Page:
Less grandiose, it means less architectural position papers you have to write, less meetings to go to, less arguments with rival ideas, and less time spent building and enforcing the policy of your enterprise architecture. Instead, you can spend all that time making the application better, and, thus, the business better. No CEO ever cared which kubernetes distro you ran, how much you paid to build or licenses it, or if it’s multi-cloud. They care if it helped them make money.

The same applies to ops: there’s now one way (sort of) to understand and manage it all. In contrast, we current have many different ways and tools, often customized within large organizations. That much variety ends up costing too much, and slowing things down more than you’d think.

Original source: VMware VP: Kubernetes as the ‘new IaaS normal’

Sharp edges

“We’re seeing Kubernetes emerging not just as an infrastructure service abstraction, but as a dominant control plane for driving workloads, whether those workloads are running in Linux application containers or pretty much anywhere. And that’s an absolute delight.”

The downside is that “it’s a fancy system and it has some really sharp edges.” This brings us back to the goal of simplifying the developer experience. “Creating a comfortable environment that uses the power of the system, that doesn’t force them to deal with all these sharp tools that can cut them all the time, is very important,” said McLuckie.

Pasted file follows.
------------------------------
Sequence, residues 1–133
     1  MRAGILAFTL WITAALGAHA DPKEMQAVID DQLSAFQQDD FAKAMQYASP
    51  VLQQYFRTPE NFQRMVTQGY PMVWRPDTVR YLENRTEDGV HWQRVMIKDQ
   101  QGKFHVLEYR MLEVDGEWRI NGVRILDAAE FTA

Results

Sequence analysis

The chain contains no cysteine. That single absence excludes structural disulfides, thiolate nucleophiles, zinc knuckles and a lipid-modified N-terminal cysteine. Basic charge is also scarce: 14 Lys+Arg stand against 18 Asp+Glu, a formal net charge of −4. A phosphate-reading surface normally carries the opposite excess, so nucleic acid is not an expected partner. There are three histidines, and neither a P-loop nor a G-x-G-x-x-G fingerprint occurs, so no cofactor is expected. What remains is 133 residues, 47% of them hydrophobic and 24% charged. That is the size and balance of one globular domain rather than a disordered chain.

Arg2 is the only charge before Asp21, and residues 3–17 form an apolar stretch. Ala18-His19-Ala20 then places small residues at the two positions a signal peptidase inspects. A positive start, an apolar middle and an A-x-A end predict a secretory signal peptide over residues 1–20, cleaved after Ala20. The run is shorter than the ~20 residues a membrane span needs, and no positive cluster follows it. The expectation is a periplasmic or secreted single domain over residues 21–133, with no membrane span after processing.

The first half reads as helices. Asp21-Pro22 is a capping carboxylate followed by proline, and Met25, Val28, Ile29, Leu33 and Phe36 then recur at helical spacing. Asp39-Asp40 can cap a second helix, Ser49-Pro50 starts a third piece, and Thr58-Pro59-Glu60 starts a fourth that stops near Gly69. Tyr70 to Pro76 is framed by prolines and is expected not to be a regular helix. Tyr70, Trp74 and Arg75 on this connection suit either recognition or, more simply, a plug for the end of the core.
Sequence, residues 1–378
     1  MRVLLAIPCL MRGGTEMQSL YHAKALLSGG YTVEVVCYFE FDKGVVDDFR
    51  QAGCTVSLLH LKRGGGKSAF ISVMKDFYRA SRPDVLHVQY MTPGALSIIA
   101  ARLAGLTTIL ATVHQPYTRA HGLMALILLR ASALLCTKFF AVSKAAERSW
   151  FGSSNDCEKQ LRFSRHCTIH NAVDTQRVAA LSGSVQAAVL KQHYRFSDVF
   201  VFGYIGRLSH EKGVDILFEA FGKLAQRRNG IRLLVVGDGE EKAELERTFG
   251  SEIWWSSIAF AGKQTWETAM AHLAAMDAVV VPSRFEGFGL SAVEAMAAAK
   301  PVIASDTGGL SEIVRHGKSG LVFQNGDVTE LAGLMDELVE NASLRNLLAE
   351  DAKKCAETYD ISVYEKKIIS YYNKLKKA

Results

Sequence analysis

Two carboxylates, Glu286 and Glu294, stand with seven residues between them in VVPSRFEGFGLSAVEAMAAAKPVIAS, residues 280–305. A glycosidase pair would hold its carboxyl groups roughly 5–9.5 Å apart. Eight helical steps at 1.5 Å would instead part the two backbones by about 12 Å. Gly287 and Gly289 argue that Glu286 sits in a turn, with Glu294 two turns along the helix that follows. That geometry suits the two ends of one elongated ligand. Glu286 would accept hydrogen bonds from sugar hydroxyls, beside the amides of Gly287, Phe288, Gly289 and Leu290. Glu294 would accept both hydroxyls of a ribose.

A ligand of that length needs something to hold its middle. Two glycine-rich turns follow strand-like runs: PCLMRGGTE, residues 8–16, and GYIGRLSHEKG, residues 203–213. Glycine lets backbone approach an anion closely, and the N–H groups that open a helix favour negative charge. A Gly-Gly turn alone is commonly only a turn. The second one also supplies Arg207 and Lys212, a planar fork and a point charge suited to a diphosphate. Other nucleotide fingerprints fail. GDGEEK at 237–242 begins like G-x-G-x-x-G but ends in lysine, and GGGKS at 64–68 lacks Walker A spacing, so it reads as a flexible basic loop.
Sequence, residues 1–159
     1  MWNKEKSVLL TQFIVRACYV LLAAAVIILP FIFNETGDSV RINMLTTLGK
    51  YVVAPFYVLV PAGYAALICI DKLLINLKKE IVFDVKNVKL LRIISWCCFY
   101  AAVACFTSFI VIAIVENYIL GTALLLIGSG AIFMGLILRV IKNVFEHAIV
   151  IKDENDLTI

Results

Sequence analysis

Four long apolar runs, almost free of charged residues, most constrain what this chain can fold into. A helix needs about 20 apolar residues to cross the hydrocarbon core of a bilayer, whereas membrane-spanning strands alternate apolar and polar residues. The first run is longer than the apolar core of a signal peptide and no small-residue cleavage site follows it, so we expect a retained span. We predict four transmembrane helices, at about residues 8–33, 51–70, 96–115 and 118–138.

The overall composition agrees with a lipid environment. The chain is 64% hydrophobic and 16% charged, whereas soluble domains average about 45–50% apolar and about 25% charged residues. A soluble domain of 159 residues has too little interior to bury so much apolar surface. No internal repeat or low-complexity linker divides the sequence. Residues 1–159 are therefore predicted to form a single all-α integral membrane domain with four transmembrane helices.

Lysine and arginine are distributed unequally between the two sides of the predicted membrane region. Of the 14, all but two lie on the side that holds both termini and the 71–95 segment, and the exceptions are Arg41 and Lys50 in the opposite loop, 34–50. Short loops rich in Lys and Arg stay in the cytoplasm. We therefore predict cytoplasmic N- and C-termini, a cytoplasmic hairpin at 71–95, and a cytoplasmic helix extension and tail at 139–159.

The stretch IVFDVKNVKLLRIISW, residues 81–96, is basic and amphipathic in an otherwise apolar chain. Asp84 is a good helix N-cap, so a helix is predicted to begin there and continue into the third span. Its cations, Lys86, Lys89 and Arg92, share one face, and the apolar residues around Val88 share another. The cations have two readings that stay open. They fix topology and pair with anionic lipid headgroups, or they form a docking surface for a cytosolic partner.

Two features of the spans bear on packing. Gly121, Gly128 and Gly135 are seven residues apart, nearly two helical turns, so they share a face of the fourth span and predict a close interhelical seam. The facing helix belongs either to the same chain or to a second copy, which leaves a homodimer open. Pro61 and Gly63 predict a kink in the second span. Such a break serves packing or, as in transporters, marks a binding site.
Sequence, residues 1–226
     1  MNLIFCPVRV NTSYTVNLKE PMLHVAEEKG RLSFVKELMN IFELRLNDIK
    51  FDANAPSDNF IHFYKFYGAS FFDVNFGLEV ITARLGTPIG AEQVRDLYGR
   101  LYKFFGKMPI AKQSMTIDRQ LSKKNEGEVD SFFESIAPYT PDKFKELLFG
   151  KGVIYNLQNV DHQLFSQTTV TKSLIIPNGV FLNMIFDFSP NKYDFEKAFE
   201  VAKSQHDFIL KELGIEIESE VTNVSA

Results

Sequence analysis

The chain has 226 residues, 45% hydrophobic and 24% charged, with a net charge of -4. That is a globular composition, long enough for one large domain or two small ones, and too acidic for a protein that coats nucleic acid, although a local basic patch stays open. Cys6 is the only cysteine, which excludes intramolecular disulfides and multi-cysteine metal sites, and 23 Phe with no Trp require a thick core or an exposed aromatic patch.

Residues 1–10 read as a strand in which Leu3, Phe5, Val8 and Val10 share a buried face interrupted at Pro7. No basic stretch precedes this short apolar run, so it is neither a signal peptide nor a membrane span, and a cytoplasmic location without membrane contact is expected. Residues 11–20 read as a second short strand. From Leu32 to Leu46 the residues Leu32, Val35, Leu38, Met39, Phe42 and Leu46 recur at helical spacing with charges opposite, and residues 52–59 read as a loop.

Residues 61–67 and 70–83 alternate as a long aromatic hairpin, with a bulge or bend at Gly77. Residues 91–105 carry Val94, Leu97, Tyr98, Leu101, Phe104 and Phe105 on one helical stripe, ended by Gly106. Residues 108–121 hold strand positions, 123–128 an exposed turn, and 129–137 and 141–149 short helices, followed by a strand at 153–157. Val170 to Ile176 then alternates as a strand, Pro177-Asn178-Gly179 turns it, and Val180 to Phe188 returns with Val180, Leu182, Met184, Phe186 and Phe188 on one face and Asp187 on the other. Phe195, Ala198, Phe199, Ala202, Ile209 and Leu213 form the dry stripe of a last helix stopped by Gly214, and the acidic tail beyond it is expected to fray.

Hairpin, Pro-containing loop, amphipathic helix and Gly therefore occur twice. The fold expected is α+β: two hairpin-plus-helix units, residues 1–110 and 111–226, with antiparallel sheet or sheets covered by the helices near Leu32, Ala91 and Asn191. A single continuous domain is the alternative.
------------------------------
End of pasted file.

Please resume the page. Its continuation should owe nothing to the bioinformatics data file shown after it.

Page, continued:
Original source: VMware supremo Pat Gelsinger makes peace with Microsoft, and Virtzilla pitches Tanzu to the Spring crowd

Manager, Heal Thyself! 

The panel I put together and moderated for this year’s SpringOne. It turned out really well. Here’s the abstract:

When you’re trying to improve how your organization does software, how do you change what managers and executives do? We hear a lot about how developers and operators change, the composition of product teams, and always about Kubernetes. But there’s very little conversation about transforming management. This panel of managers will discuss what managers’ and executives’ roles new and old look like, managing managers, and how individual managers can manage their careers when their role changes.

The panelests: Neville George, Manager at Comcast; Jon Osborn, IT Executive at Bell Tracy, Ltd.; Jana Werner, Head of Transformation at Tesco Bank

Portability isn’t a thing with kubernetes

Kubernetes facilitates portability because it helps standardize our software development life cycle and, most importantly, our operating model. However, it also adds management overhead to our organization, it forces us to engage with commercial vendors and to completely rearchitect our applications. Implementing portability with Kubernetes also requires avoiding any dependency that ties the application to the infrastructure provider, such as the use of cloud provider’s native services. Often, these services provide the capabilities that drove us to the cloud in the first place.